BRUSSELS — Since the first of the year, President Trump has attacked a variety of countries in Twitter posts, urging protesters to overthrow the Iranian government, threatening to blow up North Korea and calling for cuts in aid to the Palestinians. In bluster and tone, he has begun 2018 where he left off.
Two things stand out about the foreign policy messages Mr. Trump has posted on Twitter since taking office: How far they veer from the traditional ways American presidents express themselves, let alone handle diplomacy. And how rarely Mr. Trump has followed through on his words. Indeed, nearly a year after he entered the White House, the rest of the world is trying to figure out whether Mr. Trump is more mouth than fist, more paper tiger than the real thing.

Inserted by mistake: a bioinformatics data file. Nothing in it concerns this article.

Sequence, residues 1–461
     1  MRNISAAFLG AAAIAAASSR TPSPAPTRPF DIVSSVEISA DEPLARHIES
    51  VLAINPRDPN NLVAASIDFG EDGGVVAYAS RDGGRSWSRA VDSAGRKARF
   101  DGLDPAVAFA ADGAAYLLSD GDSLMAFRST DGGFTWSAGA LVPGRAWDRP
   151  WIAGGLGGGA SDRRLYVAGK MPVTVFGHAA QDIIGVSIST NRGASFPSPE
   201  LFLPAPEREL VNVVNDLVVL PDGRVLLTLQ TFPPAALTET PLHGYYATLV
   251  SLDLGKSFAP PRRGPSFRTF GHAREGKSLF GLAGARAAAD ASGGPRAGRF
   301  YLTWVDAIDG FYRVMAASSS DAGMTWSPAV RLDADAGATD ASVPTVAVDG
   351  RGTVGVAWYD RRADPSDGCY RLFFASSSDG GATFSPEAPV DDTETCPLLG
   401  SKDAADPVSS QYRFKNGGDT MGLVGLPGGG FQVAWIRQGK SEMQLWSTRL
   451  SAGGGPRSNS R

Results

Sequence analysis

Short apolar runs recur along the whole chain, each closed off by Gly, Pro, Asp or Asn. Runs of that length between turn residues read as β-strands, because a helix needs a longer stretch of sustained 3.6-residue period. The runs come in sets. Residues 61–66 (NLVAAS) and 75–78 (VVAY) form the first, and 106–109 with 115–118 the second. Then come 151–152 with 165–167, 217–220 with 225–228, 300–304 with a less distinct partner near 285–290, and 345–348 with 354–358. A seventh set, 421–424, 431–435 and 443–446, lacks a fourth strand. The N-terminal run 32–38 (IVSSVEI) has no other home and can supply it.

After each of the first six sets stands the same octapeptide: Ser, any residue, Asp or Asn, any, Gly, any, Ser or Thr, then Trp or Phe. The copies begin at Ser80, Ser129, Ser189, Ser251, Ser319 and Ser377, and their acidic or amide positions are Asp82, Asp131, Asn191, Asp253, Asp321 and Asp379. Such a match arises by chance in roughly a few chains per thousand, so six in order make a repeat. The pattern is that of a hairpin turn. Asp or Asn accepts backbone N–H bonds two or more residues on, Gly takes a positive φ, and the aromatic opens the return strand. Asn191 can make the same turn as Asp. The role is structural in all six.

Countries are unsure whether to take his words as policy pronouncements, or whether they can be safely ignored. If Mr. Trump’s threats are seen as hollow, what does that do to American credibility? In a series of Twitter posts on Saturday, Mr. Trump reacted to questions about his mental fitness by calling himself a “very stable genius.”
Even if there is a recognition that Mr. Trump’s tweets may be largely intended to let off steam or reassure his domestic base, there is an increasing sense that the credibility of the administration, and the presidency itself, is being eroded.
Richard N. Haass, president of the Council on Foreign Relations in New York, recently repeated some of Mr. Trump’s more belligerent tweets and said: “This is our commander in chief. Think about it.”